AI can improve customer service

Art by Grace He
Art by Grace He

While many sing the praises of applications like ChatGPT, a manifestation of textual AI, there are a plethora of innovative implementations of AI which may have a direct impact on people’s retail and consumer experience. 

Companies like Standard AI are leveraging AI to modernize retail operations through practices like self-checkout and autonomous shopping. 

Standard AI retrofits existing retail stores with AI-vision-powered ceiling cameras that can track shoppers and accordingly build a cart as customers pick up or put down items in the store. 

Once customers are done shopping, they tap out of the store with their credit card and the receipt is automatically sent to them via text or email. 

Director of Engineering at Standard AI Mohit Singh said the implementation of this technology targets issues faced by an increasing number of brick-and-mortar stores. 

“Shoppers interact with stores in so many ways — apps, cash, card, ordering ahead, asking for restricted items — that it is important to meet them where they are and accommodate their preferences,” Singh said. “As their expectations for convenience increase, so does the size of the tech stack.”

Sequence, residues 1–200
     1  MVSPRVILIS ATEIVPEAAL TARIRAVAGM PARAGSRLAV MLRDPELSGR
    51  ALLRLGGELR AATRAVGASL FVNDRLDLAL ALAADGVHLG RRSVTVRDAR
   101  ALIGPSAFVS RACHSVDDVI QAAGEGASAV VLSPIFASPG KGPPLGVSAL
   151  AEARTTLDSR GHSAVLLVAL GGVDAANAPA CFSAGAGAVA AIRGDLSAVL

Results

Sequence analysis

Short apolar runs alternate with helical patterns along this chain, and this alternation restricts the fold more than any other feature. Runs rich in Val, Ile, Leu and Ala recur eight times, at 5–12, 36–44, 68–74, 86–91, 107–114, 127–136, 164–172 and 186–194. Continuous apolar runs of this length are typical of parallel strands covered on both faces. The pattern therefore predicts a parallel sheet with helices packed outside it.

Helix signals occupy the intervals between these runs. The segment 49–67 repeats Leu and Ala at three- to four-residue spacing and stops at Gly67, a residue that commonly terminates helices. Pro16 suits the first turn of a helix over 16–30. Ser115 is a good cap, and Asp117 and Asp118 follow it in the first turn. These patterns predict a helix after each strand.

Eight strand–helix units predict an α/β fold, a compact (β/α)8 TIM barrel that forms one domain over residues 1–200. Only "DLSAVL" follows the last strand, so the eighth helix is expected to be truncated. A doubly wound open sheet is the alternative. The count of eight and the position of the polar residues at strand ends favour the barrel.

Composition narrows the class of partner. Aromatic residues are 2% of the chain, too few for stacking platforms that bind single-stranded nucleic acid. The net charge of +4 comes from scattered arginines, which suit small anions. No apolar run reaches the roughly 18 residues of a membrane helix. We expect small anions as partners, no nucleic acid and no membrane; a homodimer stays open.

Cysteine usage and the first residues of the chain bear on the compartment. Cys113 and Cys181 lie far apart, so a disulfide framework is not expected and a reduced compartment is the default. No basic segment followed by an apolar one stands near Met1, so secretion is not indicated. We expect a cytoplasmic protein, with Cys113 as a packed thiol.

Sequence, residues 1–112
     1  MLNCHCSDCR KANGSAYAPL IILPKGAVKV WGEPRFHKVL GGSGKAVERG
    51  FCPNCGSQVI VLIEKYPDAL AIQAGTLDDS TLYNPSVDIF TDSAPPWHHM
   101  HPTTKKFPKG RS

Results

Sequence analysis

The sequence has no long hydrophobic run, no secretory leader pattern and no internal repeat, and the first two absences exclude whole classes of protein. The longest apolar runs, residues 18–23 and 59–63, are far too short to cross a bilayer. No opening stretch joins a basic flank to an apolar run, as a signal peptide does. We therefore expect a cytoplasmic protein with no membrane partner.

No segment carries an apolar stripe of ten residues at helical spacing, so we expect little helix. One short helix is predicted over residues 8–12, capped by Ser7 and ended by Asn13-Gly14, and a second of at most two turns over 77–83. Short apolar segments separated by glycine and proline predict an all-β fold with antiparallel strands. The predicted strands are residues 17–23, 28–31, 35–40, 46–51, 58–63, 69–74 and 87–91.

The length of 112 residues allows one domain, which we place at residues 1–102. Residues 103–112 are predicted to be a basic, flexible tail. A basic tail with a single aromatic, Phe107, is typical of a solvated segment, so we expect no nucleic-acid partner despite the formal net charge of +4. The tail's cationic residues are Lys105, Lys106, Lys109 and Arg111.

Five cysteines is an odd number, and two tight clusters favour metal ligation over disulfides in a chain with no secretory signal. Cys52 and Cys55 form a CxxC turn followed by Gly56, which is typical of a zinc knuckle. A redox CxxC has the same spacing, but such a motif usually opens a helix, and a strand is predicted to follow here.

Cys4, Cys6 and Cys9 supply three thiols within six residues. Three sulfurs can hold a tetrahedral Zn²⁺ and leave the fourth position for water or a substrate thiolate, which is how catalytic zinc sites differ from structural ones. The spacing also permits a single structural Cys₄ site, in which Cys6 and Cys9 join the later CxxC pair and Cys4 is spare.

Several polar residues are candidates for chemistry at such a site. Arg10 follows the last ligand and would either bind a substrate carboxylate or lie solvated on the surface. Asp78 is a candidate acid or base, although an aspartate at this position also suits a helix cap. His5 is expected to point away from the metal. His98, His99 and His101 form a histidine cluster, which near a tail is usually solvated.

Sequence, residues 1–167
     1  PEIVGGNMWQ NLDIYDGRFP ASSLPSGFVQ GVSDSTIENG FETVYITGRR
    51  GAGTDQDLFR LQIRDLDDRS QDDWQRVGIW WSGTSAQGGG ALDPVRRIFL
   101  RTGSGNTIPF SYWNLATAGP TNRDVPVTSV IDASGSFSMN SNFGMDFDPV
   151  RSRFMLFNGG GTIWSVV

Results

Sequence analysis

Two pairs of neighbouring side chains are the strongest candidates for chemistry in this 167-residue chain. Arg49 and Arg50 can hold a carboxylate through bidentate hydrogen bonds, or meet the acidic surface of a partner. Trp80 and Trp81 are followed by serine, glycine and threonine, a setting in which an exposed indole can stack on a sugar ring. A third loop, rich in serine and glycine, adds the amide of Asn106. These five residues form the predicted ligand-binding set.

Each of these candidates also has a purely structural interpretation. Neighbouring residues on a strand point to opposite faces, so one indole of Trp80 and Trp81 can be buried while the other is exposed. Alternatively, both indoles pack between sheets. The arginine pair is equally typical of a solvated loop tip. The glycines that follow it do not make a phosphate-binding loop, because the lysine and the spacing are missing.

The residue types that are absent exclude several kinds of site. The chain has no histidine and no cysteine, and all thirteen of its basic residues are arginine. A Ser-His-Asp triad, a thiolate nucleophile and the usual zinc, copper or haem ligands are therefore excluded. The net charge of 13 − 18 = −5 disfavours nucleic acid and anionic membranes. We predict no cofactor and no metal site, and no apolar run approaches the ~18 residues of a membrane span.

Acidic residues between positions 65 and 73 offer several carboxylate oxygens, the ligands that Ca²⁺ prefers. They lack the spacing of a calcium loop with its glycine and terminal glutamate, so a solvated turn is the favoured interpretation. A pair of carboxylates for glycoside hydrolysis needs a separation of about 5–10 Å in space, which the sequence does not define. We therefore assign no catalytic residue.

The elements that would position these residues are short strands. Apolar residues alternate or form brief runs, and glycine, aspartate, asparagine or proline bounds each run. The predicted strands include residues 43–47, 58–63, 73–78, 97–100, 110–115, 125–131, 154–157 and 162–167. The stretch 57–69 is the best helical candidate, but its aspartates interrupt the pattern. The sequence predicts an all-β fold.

Singh said satisfying shoppers often requires building a tech stack around a myriad of vendor solutions. 

“We have heard for years that retailers want vendors who can do more; they find it frustrating when they have to piece together a tech stack with dozens of vendors and rely on dated legacy solutions with few alternatives,” Singh said. “Retailers now have the ability to understand shopper behavior, assist staff with operations, understand inventory levels in real-time and more effectively personalize the digital experience and they can do it with a single product.”